For 17 hours, observers attempted to read the tea leaves for any signals of how the peace talks in Minsk were going. The Ukrainian President stormed out twice, the Russian President snapped a pen in frustration, and a journalist was hospitalized for exhaustion. Finally, on Thursday morning, the leaders of Ukraine, Russia, Germany and France (along with host Belarus) emerged to announce that a ceasefire deal has been struck.
The agreement, billed as a last chance to stop the bloodshed, outlines a 13-point peace plan:
• A ceasefire due to come into effect on Sunday
• Withdrawal of heavy weaponry and creation of a buffer zone between the warring sides, no later than two weeks after the ceasefire begins
• A prisoner exchange to be completed by the fifth day after the withdrawal of weapons
• Amnesty to the rebels
• Disarmament of illegal armed groups
• Removal of all foreign military personnel and equipment
• New local elections, adhering to Ukrainian law and monitored by the OSCE
• A restoration of Ukraine’s control of the eastern border, but only after a special autonomous status of the conflict zone is enshrined in a new constitution, to come into force by the end of 2015
• Unhampered delivery and distribution of humanitarian aid
• Restoration of pensions and other social benefits payments and reestablishment of banking system operation
The key issue is Ukraine’s regaining full control over territory currently held by the rebels as well as of its border with Russia. Control will be restored only on condition of local elections and constitutional reform giving breakaway regions more autonomy. Under this plan, Ukraine will not be in full control of its eastern territories until the end of the year. The implication of this timeframe is that the border with Russia will remain porous for many months, leaving the door open for continued inflows of soldiers and weapons.
Another concern is that the agreement is a bare-bones outline, failing to spell out some of the key points, potentially leading to conflicting interpretations and dangerous consequences. One problem is the lack of a clear demarcation of the truce lines, which risks paving the way for more fighting. On the one hand, rebel forces retain territory gained since the September accord. On the other hand, the boundaries of the region to be given special status are to be based on the borders as defined in the September peace deal. This leaves a swathe of land in a limbo status and creates an inherent contradiction, which can prove to be a time bomb.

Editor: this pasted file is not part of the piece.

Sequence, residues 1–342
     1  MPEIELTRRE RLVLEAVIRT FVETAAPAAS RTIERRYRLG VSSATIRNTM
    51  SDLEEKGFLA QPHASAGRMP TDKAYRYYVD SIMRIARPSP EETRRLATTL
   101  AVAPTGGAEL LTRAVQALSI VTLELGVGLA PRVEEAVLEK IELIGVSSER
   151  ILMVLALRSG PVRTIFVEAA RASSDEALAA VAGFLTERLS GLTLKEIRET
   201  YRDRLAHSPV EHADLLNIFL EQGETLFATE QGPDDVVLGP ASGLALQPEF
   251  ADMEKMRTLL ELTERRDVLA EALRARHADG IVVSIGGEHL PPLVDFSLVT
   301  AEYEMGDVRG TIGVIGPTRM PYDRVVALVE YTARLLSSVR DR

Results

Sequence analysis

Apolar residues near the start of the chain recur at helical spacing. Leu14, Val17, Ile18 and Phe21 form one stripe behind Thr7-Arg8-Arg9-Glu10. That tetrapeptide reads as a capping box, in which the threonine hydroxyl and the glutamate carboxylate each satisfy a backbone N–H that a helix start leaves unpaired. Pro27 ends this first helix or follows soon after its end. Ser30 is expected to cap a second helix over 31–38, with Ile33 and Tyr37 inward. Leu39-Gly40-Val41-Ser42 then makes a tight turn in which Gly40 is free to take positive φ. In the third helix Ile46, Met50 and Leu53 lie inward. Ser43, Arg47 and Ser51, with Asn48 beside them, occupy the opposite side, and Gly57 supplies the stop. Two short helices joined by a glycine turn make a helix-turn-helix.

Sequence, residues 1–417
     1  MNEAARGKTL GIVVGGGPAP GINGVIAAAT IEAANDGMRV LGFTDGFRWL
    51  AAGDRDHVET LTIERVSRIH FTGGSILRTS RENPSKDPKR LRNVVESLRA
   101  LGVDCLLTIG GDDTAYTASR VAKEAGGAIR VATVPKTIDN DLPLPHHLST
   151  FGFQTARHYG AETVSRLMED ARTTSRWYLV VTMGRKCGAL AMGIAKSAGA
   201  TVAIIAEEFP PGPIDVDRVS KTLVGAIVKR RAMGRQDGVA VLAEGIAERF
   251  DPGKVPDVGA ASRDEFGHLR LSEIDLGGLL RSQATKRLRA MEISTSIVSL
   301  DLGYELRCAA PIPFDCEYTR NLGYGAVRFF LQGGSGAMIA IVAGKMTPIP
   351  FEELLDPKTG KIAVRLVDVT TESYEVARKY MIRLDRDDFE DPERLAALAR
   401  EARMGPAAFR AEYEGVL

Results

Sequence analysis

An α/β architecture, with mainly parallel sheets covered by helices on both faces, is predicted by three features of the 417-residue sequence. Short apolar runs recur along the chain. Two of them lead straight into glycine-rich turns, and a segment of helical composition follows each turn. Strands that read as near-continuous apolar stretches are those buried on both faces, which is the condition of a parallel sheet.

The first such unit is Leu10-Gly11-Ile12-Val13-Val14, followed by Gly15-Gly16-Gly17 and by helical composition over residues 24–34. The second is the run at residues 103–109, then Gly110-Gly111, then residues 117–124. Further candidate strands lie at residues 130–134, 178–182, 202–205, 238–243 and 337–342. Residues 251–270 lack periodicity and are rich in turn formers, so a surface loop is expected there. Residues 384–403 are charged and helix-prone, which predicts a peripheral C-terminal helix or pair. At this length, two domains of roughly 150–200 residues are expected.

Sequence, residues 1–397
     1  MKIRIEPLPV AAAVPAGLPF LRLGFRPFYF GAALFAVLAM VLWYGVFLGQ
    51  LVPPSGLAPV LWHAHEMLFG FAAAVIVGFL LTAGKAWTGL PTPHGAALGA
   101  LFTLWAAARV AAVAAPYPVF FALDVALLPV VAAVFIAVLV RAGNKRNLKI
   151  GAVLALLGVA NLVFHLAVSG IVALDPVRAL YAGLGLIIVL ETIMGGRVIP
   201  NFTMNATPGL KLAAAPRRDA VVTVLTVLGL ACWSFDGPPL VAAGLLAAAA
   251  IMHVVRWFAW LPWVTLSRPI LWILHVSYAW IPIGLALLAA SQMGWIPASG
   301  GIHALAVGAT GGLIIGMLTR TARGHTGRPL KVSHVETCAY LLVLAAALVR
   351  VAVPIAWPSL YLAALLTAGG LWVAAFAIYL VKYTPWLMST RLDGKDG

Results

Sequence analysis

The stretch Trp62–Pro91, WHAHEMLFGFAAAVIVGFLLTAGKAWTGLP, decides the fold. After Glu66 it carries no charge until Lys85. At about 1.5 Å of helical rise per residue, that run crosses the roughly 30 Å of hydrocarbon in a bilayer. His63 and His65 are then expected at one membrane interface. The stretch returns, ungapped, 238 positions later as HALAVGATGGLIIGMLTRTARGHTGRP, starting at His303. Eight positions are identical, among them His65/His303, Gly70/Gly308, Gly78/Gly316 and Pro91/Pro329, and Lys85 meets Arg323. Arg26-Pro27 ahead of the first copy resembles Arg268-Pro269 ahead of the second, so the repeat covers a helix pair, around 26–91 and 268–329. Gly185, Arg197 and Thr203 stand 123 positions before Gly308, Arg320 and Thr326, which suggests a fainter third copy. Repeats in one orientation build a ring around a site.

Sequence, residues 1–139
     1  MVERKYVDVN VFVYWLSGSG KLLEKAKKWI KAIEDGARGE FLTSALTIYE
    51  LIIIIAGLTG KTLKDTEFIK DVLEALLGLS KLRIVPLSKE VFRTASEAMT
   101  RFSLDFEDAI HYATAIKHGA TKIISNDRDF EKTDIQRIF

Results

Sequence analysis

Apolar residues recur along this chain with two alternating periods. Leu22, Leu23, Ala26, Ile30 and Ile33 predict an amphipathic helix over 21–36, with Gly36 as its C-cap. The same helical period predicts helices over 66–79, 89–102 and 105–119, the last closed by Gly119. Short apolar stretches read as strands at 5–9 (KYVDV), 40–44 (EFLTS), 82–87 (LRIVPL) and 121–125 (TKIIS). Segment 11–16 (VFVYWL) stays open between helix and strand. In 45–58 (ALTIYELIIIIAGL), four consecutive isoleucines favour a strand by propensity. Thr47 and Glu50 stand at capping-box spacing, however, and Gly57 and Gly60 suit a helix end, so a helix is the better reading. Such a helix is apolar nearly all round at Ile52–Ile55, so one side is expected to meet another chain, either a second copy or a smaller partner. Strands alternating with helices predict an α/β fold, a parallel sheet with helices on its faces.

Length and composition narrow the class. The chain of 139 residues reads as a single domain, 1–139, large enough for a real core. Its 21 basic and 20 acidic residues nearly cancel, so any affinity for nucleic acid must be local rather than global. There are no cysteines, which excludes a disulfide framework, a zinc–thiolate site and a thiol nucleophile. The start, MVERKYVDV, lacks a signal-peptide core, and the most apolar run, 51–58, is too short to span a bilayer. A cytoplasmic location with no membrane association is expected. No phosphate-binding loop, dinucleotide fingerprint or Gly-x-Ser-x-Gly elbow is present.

At the very core of the conflict is the extent of Kyiv’s power in the contested region, but the deal is ambiguous with regards to just how much autonomy will be granted under the amended constitution. In a nod to how toxic this issue is in Ukraine, President Poroshenko was quick to categorically deny that the agreement had any whiff of federalization. In fact, the special status to be conferred on the breakaway regions would give them considerable powers, including control over foreign policy and trade, establishment of own policing force and a say in appointments of prosecutors and judges. The degree of autonomy thus remains unclear and will be a point of contention.
Other key questions left unresolved in the plan include the status of the self-proclaimed Donetsk and Luhansk People’s Republics and, in a related vein, how to define “illegal armed groups” required to disarm under the deal. Notably, Crimea was left out of the agreement altogether.
On the heels of a bloody offensive surge by the rebel forces, a US bid to start arming Ukraine, and relentlessly militant rhetoric out of Kyiv and Moscow, the current ceasefire agreement can rightfully be considered a feat of diplomacy. Its success, however, hinges on implementation.
The degree of support for the agreement among the Ukrainian public will be an important factor to watch. Early evidence suggests the deal is getting a cold reception in Ukraine, where many feel it fails to provide sufficient assurances to protect the country’s territorial integrity. It remains to be seen whether Ukraine’s volunteer battalions, which have often outperformed the regular army, will accept the unfavorable stipulations in the deal.
On the other side of the battle lines, it is difficult to know with any certainty if Russia is prepared to implement the deal in good faith. President Putin’s tactics have remained unpredictable and cunning throughout the conflict. Even as the Minsk negotiations were underway and Putin’s administration continued to deny military support of the rebels, reports came in of heavy equipment, including 50 tanks and 40 missile systems, crossing the border from Russia.
Germany’s Angela Merkel called the agreement a “glimmer of hope”. This is an acutely accurate assessment. The peace deal reached in Minsk seems to be less of a solution to the conflict, and more of a prevention of a worse conflict still. But, as several commentators have pointed out, a bad peace is better than a good war.